North Bay-based nonprofit has trained over 5,000 First Responders in resiliency
Santa Rosa, CA—Yoga, meditation, and mindfulness are not typically words you would hear in the first responder world. First Responders Resiliency, Inc. (FRRI) is striving to change the culture in fire departments, police stations, ambulance bays, and hospitals so these words and practices become commonplace. “Since 2018, we have trained over 5,000 first responders in resiliency and we are beginning to see a culture-shift where these men and women are placing importance on their own health and well-being,” says founder and retired paramedic, Susan Farren.
When a first responder attends a 3-day conference at Bishop’s Ranch in Healdsburg, they are exposed to several modalities that allow them to learn how to prevent injuries and illnesses caused by the ongoing stress and trauma they experience on the job. The modalities include yoga, meditation, breathing techniques, and energy discharge. Combined with learning modules such as neuroanatomy, the nervous system, sleep, nutrition, and substance abuse, first responders are able achieve a holistic approach to improving their health and well-being.
Are they making a difference? Undoubtedly.
Attendees will be able to take what they learn and apply it both on and off duty. “I can honestly say that the retreat was life changing for me. I came in that weekend not really understanding why I would feel or act a certain way after I would get home from work…after having a hard shift. At times I felt like I was the only one feeling this way. [FRRI] made me realize how important self-care is and not to be sorry to take care of ourselves for once. I have tools now that will help me be successful in my career and in life,” remarks a firefighter/paramedic attendee.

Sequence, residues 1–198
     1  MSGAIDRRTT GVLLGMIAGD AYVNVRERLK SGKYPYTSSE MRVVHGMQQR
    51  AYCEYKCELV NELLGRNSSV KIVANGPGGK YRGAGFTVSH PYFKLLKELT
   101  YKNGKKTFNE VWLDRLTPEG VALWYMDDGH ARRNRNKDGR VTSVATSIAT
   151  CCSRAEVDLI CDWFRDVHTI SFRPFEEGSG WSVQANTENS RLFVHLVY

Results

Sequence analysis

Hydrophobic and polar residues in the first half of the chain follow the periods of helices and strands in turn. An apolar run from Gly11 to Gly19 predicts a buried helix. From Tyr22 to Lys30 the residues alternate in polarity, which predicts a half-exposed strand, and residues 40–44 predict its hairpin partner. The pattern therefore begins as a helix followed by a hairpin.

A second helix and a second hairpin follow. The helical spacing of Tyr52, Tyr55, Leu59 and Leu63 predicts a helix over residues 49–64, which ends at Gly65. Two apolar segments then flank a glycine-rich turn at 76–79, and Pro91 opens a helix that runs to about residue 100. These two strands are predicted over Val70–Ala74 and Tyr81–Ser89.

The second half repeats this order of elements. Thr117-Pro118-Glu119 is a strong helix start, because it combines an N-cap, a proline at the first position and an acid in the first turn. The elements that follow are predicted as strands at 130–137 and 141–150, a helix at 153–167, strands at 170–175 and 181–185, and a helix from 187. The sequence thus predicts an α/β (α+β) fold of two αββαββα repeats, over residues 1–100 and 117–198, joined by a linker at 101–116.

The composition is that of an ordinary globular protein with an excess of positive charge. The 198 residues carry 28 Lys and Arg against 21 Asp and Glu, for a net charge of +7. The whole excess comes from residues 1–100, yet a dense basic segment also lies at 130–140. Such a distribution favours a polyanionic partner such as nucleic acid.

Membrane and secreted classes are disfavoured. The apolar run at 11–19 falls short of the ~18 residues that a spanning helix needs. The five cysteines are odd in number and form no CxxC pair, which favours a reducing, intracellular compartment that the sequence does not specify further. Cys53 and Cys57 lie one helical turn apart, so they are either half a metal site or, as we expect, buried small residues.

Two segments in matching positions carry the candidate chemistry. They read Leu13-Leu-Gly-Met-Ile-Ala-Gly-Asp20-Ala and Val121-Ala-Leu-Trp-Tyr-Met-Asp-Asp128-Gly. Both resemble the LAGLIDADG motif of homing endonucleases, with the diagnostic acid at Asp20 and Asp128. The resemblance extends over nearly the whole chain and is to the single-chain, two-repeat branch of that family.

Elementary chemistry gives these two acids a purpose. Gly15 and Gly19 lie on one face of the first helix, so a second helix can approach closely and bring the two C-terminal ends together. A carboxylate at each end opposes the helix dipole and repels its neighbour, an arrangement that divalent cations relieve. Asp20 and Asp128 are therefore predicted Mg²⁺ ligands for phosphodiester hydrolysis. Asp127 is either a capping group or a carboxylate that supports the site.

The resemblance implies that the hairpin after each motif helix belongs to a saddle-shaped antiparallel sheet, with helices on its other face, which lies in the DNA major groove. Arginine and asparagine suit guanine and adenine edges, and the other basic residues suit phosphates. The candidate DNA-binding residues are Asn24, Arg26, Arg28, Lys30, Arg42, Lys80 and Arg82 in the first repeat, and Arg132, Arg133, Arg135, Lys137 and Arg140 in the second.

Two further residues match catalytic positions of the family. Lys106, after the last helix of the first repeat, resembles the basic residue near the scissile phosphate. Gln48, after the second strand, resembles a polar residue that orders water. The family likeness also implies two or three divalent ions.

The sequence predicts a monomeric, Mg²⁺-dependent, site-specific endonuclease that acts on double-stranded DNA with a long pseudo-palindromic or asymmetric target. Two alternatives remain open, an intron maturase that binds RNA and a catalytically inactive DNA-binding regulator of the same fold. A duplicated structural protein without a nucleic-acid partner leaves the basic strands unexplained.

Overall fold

First Responders Resiliency, Inc. is committed to improving the well-being of first responders—starting with themselves, they train those who save others to save themselves. FRRI’s long-term goal is to build a legacy, the first-ever First Responder Resiliency Center in Cotati, CA, followed by centers built across the nation. The Resiliency Center will be for active and retired first responders and their families and will include massage rooms, yoga and meditation studios, a large lecture/conference hall, equine therapy, recovery programs, a cancer resource center, and family services department.
Founded and operated by first responders, First Responders Resiliency, Inc. (FRRI) is an evidence-based, proactive, nonprofit organization dedicated to the psychological, neurological, physical, emotional and relational well-being of first responders and their families.